length L is slightly less than a half-wavelength at the desired
frequency (usually 100 MHz).

One wire is then cut in the middle and connected to the twin-lead
transmission line feeding the receiver

Small Loop Antenna

The small loop antenna is a closed loop as shown in Figure 1. These antennas have
low radiation resistance and high reactance, so that theirimpedanceis difficult to
match to a transmitter.

As a result, these antennas are most often used as receive antennas, where
impedance mismatch loss can be tolerated.

The radius isa, and is assumed to be much smaller than a wavelength (a<<
loop lies in the x-y plane.

The

Figure 1

Since the loop is electrically small, the current within the loop can be approximated
as being constant along the loop, so thatI=

Small Loop Antenna

The variation of the radiation pattern with direction is given by


so that the
radiation pattern of a small loop antenna has the same power pattern as that of
ashort dipole.

However, the fields of a small dipole have the E- and H- fields switched relative
to that of a short dipole; the E-field is horizontally polarized in the x-y plane.

The small loop is often referred to as the dual of the dipole antenna, because if
a small dipole had magnetic current flowing (as opposed to electric current as in
a regular dipole), the fields would resemble that of a small loop.

While the short dipole has a capacitive impedance (imaginary part of impedance
is negative), the impedance of a small loop is inductive (positive imaginary part).
The radiation resistance (and ohmic loss resistance) can be increased by adding
more turns to the loop.

If there areNturns of a small loop antenna, each with a surface areaS(we


don't require the loop to be circular at this point), the radiation resistance for
small loops can be approximated (in Ohms) by:

Small Loop Antenna

For a small loop, the reactive component of the impedance can be determined
by finding the inductance of the loop, which depends on its shape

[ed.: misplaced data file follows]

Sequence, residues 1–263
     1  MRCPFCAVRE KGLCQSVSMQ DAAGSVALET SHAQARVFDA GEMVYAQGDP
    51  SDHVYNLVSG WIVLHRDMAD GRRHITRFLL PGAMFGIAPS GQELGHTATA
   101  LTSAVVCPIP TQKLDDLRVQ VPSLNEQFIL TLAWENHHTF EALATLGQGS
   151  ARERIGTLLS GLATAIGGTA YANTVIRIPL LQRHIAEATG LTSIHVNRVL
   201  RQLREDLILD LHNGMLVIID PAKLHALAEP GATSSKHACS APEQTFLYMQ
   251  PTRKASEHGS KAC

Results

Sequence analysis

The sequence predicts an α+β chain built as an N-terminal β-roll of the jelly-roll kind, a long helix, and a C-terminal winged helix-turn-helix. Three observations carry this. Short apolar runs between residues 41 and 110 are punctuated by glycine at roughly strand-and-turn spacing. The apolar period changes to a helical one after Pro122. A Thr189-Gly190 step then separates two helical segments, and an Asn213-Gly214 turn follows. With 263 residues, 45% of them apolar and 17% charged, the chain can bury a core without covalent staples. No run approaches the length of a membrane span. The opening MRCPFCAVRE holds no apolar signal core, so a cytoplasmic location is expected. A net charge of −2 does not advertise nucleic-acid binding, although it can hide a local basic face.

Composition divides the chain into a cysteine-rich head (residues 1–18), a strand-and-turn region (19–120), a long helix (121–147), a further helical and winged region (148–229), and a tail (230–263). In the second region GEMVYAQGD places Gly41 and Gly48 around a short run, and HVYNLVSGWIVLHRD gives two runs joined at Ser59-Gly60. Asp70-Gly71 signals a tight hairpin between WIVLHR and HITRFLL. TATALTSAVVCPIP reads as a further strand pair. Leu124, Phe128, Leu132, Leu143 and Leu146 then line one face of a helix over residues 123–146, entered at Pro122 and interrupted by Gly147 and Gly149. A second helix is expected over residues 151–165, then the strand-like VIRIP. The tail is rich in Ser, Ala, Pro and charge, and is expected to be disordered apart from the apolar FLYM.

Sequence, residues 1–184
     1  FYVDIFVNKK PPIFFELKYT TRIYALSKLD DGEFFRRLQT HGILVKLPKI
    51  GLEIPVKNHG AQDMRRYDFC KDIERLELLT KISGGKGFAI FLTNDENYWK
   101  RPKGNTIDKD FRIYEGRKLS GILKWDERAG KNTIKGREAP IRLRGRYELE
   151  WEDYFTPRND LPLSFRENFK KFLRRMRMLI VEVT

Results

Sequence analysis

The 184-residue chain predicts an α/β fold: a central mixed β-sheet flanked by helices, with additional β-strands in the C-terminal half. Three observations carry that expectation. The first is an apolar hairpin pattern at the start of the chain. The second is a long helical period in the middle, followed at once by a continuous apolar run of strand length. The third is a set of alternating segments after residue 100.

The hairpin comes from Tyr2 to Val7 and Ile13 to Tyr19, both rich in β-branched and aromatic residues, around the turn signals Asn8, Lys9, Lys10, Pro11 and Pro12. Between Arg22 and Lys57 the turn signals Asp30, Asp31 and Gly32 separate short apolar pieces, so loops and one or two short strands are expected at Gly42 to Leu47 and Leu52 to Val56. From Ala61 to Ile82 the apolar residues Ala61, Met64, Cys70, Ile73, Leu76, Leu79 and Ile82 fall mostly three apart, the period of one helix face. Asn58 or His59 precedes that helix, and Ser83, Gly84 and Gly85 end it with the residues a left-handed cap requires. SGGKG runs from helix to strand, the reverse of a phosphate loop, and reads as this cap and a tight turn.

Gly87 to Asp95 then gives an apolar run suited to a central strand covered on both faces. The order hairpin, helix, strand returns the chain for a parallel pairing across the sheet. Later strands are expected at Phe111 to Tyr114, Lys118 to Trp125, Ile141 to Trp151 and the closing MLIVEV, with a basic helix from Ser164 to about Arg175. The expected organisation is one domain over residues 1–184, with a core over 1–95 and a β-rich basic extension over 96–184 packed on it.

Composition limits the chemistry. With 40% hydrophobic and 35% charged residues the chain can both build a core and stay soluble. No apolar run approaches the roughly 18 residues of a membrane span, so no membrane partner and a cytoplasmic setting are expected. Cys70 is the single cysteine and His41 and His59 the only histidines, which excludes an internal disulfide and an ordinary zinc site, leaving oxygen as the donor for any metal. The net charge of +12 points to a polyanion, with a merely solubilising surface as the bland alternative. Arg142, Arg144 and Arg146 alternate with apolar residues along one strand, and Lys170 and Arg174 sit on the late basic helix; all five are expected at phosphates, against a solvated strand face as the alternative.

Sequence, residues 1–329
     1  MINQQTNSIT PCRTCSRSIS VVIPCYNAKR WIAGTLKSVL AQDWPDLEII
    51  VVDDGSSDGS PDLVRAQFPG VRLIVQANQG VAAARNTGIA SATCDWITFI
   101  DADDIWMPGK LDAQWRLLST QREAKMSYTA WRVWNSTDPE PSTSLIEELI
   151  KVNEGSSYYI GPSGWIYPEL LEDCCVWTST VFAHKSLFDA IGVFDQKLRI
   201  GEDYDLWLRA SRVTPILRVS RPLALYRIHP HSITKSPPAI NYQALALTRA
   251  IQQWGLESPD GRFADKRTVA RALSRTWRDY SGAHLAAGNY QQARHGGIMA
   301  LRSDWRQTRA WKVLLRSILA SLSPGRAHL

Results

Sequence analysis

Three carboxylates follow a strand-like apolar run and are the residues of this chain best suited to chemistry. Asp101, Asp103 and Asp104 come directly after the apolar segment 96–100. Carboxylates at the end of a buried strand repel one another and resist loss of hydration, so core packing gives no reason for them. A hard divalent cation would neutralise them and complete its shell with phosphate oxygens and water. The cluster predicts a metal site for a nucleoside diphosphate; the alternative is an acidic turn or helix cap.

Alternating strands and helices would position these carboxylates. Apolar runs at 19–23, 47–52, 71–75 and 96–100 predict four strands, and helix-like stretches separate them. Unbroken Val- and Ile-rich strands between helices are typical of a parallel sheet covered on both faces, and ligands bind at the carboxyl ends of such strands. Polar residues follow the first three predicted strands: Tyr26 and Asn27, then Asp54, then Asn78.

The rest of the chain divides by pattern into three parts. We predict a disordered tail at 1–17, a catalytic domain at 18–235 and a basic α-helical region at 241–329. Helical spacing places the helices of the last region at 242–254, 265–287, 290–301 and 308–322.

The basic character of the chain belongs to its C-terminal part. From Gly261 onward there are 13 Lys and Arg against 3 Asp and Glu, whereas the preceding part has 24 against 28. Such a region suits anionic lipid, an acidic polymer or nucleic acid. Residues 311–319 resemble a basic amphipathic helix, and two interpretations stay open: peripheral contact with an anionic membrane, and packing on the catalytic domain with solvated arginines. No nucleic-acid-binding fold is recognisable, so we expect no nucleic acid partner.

(then X=2*pi*f*L). For a circular loop with radiusaand wire radiusp, the
reactive component of the impedance is given by:

Small loops often have a low radiation resistance and a highly inductive
component to their reactance.

Hence, they are most often used as receive antennas. Examples of their use
include in pagers, and as field strength probes used in wireless measurements.

The loop antenna feed point does not matter too much - it can be anywhere
along the loop perimeter. .

The Loop Antenna

As loop antennas get larger, they become better antennas. A loop antenna will be
resonant (with a purely real impedance) as the perimeter of the loop approaches
one wavelength in size.

Hence, a 300 MHz loop antenna should have a perimeter of 1 meter or larger;

a 2.4 GHz loop antenna will only need to be about 12 centimeters in perimeter.

The one-wavelength perimeter loop antenna behaves like afolded dipole


antenna, with an impedance that is higher than that of ahalf-wavelength dipole
antenna.

Loop antennas have a very desirable property related to robustness in


performance near the human body.

To explain this, note that the human body tends to have a large value
forpermittivityand a bit ofconductivity.

The permittivity acts on the Electric Field and tends to tune the response of the
antenna down in frequency.

The conductivity of the body acts as a lossy material and absorbs energy from
the antenna; this can severly degrade theantenna efficiency.

The Loop Antenna

The human body affectsdipole antennasparticularly strongly.

This is because in the near field (very close to the antenna), theElectric
Fieldsare particularly strong.

The interesting thing though, is the body isn't really magnetic. Hence,
themagnetic fieldsdon't really see the body as much, and hence aren't affected
like the electric fields are.

And because the loop antenna is somewhat the "dual" of the dipole as discussed
earlier, the magnetic fields are strong in the near field of the loop antenna.

These magnetic fields ultimately give rise to the antenna radiation, and since
they are somewhat immune to the human body, loop antennas tend to be much
more robust in terms of performance when they are placed near a human.

As a result, antennas in hearing aids and other "wearable antennas" are often